MarketWatch recently profiled five promising mutual fund managers who have been at their jobs for roughly one year.

The five managers, who were assessed on their first-year performance on the job, based on Morningstar data, had little or no prior experience managing a fund. "I'm more interested in a new fund manager's background and the firm's past record of bringing people on board than I am in the return they produce," said Russel Kinnel, Morningstar's director of mutual fund research.

Minyoung Sohn, who started managing Janus' Growth and Income fund recently, made the top-five freshmen list because of his shifting of the portfolio into large-cap growth stocks. He has also added technology and energy stocks and cautiously moved away from financial-services and media companies. The result: the no-load fund returned a 9.8% gain in the 12 months through February, better than 96% of its investment peers, according to Morningstar. Sohn says that in addition to using cash-flow and balance-sheet analysis, he also looks at things like product development, manufacturing and distribution and invests in companies with strength in one or more of these areas.

Kevin Quinton has been managing Fidelity's Tax-Managed Stock fund for about a year now and has helped it post an 11.9% gain for the 12 months through February 28, making it beat 95% of funds in Morningstar's large-blend category. Quinton combines computer-driven stock selection with in-house fundamental analysis. "The mathematical model is backward looking; research is forward looking," he says. "Bring those two views together and when they match up, it tends to be a good place to invest."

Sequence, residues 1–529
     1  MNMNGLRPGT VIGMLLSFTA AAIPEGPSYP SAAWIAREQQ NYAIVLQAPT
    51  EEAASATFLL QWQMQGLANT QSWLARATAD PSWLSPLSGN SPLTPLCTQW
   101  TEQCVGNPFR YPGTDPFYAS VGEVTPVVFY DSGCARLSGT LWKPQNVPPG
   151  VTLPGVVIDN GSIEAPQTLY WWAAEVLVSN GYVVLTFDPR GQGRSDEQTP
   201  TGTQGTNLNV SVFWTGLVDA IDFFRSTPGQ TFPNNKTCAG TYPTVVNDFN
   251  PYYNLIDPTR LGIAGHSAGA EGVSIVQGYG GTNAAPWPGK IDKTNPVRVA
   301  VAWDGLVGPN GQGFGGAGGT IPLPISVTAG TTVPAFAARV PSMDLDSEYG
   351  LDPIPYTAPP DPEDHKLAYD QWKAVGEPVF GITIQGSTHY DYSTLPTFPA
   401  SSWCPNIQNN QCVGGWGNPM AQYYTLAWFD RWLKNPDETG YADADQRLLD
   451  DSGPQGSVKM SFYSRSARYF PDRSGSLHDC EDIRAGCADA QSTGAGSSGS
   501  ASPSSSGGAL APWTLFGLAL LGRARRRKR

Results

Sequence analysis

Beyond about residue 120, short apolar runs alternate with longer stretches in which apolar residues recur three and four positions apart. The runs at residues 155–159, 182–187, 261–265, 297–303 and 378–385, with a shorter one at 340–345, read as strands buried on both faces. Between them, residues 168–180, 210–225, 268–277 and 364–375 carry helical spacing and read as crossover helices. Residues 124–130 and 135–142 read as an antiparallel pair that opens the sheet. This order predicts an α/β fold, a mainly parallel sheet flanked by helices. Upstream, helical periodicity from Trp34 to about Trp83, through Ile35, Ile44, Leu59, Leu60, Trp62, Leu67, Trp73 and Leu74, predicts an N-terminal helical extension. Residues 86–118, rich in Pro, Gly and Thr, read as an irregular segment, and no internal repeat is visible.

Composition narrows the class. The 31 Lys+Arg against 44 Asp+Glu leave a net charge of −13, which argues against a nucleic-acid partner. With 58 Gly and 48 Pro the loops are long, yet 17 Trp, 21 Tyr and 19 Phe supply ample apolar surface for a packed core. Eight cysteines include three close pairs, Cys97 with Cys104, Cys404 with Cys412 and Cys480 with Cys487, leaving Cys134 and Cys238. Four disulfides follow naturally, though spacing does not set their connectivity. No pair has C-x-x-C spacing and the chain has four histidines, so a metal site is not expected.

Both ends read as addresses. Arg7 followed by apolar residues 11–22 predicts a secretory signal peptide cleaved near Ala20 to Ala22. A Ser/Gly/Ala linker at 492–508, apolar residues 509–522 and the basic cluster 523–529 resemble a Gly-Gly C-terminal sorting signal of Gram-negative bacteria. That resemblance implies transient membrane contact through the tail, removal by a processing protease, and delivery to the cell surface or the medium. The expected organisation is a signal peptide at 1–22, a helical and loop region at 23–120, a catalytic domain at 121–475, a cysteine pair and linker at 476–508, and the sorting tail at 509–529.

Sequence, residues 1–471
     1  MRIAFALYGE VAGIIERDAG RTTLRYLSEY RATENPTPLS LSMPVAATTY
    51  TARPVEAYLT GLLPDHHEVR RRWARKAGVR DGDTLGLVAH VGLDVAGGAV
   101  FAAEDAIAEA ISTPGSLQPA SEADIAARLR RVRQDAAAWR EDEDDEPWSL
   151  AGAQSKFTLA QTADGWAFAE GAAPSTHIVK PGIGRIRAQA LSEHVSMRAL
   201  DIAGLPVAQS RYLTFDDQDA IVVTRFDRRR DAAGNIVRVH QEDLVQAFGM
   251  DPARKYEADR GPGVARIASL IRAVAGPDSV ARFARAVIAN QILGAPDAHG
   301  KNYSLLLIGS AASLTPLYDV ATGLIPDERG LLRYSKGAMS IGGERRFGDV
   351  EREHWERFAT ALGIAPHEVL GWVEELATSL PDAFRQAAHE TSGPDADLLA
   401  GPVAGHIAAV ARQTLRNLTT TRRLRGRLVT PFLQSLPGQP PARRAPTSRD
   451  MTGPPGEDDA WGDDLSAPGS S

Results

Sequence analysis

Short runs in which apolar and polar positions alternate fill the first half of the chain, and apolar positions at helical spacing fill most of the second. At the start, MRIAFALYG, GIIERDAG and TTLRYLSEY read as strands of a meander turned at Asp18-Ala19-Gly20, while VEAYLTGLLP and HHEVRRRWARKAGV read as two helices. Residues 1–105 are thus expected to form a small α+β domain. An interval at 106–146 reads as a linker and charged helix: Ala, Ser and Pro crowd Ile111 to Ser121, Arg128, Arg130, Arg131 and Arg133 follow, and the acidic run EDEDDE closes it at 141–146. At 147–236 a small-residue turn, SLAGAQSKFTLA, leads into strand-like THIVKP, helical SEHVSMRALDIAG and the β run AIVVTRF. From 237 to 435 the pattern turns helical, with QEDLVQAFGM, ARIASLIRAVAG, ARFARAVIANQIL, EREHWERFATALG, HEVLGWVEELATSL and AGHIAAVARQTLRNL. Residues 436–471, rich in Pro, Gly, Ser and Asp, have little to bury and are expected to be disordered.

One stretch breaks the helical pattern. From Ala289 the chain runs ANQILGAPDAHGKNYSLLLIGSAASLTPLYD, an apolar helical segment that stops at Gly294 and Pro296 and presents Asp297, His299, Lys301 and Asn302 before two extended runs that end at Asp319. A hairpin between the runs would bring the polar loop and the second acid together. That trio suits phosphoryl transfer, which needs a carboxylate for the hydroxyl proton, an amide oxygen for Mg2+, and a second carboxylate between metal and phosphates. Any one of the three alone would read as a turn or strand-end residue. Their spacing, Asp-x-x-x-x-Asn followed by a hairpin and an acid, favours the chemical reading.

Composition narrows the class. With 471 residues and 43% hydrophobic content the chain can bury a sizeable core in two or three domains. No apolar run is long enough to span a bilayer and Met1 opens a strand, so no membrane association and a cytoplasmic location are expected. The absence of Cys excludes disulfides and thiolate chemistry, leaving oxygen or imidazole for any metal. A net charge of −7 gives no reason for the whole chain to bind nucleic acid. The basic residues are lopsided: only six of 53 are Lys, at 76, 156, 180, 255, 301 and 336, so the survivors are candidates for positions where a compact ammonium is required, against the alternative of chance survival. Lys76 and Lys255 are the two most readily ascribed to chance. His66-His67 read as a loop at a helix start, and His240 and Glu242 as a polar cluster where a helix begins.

Jill Evans came to manage the Alpine Dynamic Dividend fund from J.P. Morgan, where she was a stock analyst. The mid-cap value portfolio has returned an 18.1% gain over the year ended Feb. 28 under her watch, ranking it in the top 15% of its class. Currently, Evans is focusing on stocks outside of the U.S. for her $121 million no-load portfolio.

Over the trailing 12 months through Feb. 28, the Armada Mid Cap Value fund has seen its Class A shares gain 19.5%, ranking it in the top 9% of its category, thanks to its new manager, Michael Santelli. Now, Santelli has set his sights on the energy and insurance sector for his $57 million portfolio.

London-based Barnaby Wiener has taken the $259 million MFS International Value fund's Class A shares 26% higher over the 12 months through February, beating 95% of its foreign large-value peers. "I probably have a slightly more contrarian style," he says. "I'm attracted to companies that are temporarily out of favor for reasons I believe are cyclical rather than structural."

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